Stories about the everyday reverberate with magic and tragedy.
It’s not uncommon for writers to publish a collection of shorter material after a novel or two has met with a high degree of acclaim. Fortunately, in Stollman’s case (The Far Euphrates, 1997; The Illuminated Soul, 2002), the pieces here are taken from his early stories, which first got him noticed, as opposed to a random assemblage of short, recent pieces gathered up and released for a quick buck in between novels. In “Die Grosse Liebe,” the narrator does little more than describe his German mother’s near-obsessive love of an old movie, The Great Love, which she never revealed until after the narrator’s father’s death. Yet somehow, the tale becomes a moving meditation on love and the past, a son communicating with his closed-off mother through flickering, black-and-white images. The death of parents echoes through many of the pieces, like “New Memories,” an enjoyable trifle about a boy whose father has just died but who spends a wonderful summer with his mother’s cousin, Blossom. Blossom is too obviously a life-loving symbol, yet somehow the story works, a jaunty smile through the sadness. In “If I Have Found Favor In Your Eyes,” a young girl whose parents have recently separated becomes spiritually infatuated with the Orthodox couple who move into their apartment building, much to the chagrin of her nonreligious, concert pianist mother. One of the lesser efforts, “Mr. Mitochrondria,” is set in a small Israeli town about to inundated by a cloudlike infestation of locusts. This doom-laden setting is paired with a story about two boys’ relationship with their writer mother and researcher father. Like all of Stollman’s work, it’s exquisitely crafted, but unlike most of the pieces here, doesn’t leave much of an impression.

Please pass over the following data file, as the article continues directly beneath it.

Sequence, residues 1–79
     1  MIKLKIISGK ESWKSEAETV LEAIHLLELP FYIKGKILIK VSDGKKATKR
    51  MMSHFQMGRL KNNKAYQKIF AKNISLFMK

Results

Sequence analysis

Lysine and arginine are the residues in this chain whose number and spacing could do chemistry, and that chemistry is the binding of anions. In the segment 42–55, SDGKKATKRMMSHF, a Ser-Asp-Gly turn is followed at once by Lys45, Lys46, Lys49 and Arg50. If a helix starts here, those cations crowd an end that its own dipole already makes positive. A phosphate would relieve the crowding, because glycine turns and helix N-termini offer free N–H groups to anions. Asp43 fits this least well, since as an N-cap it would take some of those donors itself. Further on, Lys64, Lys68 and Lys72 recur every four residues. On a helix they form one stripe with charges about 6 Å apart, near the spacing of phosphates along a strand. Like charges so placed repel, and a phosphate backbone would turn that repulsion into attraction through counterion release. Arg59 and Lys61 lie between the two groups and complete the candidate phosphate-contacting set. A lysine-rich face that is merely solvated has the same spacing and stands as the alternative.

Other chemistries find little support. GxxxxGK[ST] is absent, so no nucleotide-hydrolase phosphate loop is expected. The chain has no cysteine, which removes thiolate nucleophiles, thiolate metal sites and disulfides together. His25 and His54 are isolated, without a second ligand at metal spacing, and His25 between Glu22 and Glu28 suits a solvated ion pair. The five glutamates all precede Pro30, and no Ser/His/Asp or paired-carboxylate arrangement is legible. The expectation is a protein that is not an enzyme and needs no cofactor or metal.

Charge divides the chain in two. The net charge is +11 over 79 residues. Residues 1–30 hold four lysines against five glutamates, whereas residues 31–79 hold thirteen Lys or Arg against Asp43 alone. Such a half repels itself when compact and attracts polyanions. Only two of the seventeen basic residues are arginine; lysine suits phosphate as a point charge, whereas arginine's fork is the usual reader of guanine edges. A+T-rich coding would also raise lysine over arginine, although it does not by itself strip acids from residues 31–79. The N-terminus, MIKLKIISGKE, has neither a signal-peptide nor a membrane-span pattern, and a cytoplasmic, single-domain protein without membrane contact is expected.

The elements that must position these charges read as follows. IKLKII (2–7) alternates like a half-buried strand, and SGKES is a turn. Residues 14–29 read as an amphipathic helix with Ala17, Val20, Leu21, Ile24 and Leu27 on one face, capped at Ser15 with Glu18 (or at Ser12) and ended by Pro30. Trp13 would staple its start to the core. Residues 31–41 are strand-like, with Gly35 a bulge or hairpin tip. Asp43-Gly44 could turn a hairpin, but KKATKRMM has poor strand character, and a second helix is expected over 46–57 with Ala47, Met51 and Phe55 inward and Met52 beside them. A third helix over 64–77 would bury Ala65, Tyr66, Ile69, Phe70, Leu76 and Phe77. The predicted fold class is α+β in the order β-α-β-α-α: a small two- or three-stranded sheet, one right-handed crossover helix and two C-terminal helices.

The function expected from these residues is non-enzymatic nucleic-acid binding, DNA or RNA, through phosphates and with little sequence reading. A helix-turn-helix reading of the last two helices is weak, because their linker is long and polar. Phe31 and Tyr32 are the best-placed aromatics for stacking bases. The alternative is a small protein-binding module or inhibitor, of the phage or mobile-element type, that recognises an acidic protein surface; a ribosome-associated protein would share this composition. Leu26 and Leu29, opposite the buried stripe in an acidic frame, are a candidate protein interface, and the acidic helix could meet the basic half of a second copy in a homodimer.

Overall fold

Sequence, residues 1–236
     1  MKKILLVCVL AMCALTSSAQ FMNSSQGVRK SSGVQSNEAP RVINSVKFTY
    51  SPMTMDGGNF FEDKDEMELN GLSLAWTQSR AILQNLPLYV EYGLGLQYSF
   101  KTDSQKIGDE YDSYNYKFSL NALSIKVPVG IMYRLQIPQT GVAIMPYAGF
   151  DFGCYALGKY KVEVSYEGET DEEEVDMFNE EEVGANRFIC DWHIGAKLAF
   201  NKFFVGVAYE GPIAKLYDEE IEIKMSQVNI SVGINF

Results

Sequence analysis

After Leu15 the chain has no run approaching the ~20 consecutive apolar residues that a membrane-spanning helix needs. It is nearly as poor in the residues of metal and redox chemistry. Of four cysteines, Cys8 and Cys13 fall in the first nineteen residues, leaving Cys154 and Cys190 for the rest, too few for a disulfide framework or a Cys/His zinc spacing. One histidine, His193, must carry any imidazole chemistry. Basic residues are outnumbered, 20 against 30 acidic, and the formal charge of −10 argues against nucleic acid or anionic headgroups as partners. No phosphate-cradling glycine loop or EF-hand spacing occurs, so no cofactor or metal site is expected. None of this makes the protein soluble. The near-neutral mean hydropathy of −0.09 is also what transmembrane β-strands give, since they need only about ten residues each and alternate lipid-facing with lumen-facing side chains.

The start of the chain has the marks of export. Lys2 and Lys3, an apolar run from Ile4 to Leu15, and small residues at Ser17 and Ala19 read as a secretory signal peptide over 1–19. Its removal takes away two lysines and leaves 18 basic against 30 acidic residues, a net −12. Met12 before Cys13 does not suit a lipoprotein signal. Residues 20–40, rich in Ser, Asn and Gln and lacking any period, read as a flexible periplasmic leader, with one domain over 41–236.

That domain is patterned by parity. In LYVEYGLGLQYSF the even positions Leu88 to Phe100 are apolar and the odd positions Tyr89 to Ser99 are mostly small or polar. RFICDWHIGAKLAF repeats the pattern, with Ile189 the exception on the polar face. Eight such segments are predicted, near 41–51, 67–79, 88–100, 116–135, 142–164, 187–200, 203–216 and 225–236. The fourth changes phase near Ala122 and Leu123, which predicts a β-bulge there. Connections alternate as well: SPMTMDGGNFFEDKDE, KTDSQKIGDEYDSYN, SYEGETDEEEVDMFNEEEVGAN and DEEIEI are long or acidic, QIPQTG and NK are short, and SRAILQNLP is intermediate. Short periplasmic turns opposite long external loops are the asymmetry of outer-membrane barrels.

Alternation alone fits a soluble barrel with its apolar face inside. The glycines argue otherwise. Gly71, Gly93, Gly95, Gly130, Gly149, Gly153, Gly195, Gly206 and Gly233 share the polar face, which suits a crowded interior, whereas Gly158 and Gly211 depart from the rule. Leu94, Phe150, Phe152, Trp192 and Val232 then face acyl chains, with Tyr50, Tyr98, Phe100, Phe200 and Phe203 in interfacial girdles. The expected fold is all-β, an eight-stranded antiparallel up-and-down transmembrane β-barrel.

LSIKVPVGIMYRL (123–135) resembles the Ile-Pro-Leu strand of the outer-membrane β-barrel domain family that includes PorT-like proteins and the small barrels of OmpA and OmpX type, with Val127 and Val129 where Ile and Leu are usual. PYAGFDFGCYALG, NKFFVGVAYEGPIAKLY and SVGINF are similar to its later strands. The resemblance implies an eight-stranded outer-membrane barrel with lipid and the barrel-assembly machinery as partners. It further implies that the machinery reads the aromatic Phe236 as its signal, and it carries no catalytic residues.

An expert weaver, Stollman brings together themes of religion, science, and love into an emotional whole.